When the park reopens, instead of Stormwater Canyon and ridges of refuse, visitors to Teaneck Park can look forward to seeing the wonders of a functioning creek and freshwater wetland system. For more information about this project, please contact Kevin Dahms.

Straightening out the Ecology of a Straightened Creek

Chicken Creek once wound its way to the Tualatin River along a curvy course through what is now the Tualatin River National Wildlife Refuge. A century ago, the creek was straightened to support agriculture and became a half-mile-long ditch. Working with Clean Water Services, the U.S. Fish and Wildlife Service, and other project partners, we restored Chicken Creek’s natural curved flow through the Refuge.

New Chicken Creek channel alignment with soil encapsulated lifts containing toe logs and rootwads

The restoration transformed the straightened ditch into a winding, two-mile channel and regenerated nearly 300 acres of functioning floodplain and wetlands. The project involved installing over 50 large wood floodplain habitat structures, and 1200 LF of engineered soil lifts with toe logs and rootwads. The final component of construction involved installing 25,000 native trees and shrubs and 12,000 live stakes earlier this month.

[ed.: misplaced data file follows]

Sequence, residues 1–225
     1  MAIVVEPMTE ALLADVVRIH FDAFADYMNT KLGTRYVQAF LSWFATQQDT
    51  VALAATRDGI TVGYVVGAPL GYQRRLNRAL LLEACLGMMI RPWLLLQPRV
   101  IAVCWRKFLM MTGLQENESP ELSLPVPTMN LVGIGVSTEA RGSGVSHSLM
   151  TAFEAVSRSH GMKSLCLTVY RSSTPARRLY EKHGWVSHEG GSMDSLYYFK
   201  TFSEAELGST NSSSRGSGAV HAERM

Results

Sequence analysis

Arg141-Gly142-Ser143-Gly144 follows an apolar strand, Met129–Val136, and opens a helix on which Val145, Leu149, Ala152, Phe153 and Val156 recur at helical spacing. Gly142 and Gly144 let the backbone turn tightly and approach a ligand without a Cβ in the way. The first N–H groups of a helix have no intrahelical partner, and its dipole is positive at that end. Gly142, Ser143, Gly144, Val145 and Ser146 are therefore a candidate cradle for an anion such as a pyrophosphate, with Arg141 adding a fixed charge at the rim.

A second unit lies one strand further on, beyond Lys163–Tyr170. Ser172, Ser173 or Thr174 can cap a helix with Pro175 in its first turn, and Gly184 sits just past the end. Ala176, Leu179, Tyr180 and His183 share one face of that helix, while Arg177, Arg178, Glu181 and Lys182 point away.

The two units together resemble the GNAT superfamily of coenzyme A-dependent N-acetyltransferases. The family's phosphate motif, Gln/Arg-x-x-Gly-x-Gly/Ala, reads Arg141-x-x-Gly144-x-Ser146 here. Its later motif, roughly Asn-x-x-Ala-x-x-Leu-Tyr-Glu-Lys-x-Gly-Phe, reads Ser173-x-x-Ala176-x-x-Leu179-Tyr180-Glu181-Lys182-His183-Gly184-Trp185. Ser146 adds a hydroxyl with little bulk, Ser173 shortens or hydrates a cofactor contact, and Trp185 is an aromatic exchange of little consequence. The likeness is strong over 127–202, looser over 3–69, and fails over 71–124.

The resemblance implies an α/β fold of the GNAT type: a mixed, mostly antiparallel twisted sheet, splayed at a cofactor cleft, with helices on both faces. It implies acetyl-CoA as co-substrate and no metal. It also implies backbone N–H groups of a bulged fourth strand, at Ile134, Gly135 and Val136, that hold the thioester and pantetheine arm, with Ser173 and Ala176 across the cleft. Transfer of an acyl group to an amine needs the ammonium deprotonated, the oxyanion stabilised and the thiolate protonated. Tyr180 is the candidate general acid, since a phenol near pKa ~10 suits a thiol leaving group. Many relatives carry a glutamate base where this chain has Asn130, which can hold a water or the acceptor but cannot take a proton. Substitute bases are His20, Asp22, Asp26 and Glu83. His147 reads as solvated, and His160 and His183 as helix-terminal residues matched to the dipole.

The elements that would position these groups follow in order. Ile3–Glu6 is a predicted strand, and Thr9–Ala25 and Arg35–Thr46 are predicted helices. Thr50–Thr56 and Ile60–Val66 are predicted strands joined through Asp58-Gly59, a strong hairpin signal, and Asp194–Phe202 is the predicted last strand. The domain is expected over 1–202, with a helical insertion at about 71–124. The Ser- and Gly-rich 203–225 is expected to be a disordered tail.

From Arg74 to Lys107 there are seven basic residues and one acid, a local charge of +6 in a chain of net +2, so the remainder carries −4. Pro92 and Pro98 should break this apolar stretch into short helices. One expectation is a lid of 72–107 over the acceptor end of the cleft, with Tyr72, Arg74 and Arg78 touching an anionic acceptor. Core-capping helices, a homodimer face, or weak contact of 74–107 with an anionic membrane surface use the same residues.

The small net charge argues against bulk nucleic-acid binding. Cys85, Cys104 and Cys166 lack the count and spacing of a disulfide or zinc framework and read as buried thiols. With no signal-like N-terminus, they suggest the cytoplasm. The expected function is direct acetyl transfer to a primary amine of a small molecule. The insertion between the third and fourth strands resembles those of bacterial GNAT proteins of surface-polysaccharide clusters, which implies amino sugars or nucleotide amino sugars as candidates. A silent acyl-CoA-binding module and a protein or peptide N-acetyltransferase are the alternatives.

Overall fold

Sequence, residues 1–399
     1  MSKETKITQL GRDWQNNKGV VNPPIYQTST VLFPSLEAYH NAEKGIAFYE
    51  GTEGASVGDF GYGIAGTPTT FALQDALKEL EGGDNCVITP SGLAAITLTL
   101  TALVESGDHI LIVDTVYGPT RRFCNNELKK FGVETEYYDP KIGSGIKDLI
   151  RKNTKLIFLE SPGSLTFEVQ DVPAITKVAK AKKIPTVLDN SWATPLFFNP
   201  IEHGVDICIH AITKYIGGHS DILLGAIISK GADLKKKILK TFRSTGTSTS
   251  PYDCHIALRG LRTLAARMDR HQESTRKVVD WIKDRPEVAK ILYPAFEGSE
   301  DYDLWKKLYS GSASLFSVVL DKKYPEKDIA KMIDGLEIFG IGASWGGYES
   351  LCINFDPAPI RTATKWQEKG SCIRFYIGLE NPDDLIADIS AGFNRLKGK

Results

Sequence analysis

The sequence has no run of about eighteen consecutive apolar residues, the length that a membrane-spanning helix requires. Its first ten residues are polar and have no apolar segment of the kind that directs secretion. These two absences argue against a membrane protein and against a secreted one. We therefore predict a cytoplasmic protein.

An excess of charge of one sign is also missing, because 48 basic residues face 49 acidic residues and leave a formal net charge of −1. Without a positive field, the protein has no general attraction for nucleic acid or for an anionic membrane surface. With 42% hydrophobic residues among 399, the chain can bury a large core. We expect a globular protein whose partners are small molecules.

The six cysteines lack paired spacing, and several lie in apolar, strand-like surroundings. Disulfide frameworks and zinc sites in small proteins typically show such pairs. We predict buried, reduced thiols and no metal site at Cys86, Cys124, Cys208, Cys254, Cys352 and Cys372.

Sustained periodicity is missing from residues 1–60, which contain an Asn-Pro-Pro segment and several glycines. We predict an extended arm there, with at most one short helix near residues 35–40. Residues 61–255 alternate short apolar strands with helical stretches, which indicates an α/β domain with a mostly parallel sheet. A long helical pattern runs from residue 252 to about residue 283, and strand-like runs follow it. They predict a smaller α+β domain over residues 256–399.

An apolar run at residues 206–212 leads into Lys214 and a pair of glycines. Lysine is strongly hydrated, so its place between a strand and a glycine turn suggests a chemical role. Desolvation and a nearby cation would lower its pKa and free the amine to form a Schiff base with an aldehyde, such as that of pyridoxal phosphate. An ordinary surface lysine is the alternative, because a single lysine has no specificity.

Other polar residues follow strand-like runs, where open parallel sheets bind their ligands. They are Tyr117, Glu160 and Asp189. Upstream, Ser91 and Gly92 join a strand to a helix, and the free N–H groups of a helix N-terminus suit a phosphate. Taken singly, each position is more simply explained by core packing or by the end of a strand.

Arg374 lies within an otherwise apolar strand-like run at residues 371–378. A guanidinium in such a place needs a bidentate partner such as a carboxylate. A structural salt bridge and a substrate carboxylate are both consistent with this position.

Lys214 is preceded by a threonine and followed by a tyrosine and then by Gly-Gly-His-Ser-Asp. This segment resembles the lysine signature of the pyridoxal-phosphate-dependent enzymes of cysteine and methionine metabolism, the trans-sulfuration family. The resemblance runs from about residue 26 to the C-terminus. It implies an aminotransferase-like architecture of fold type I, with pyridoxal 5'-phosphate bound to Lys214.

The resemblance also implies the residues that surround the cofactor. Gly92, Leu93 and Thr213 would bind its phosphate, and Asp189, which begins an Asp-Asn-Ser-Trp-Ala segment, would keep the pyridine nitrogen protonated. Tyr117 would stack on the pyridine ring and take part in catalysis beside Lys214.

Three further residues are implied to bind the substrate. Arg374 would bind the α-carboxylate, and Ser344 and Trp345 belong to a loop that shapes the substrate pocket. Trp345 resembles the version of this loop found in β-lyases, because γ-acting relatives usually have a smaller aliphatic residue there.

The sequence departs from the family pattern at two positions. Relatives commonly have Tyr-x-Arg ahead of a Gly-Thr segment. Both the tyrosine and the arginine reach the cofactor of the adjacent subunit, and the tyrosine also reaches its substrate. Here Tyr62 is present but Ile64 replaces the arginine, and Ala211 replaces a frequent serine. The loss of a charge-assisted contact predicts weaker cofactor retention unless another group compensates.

Where a 10-ft-high road prism once bisected the Chicken Creek floodplain large wood  habitat structures create complexity, roughness and diversity

These woody debris structures, which are meant to mimic the way tree debris naturally enters and settles in steam and wetlands systems, will work in tandem with anticipated beaver activity to help spread water out to the floodplain while providing habitat for a diversity of fish, aquatic insects, and other native wildlife. The restoration also provides new opportunities for people experience the Refuge and the creek by hiking and birdwatching. For more information about this project, please contact Matt Koozer.

Connecting Farms and Forests: Musser Gap to Valleylands at Pennsylvania State University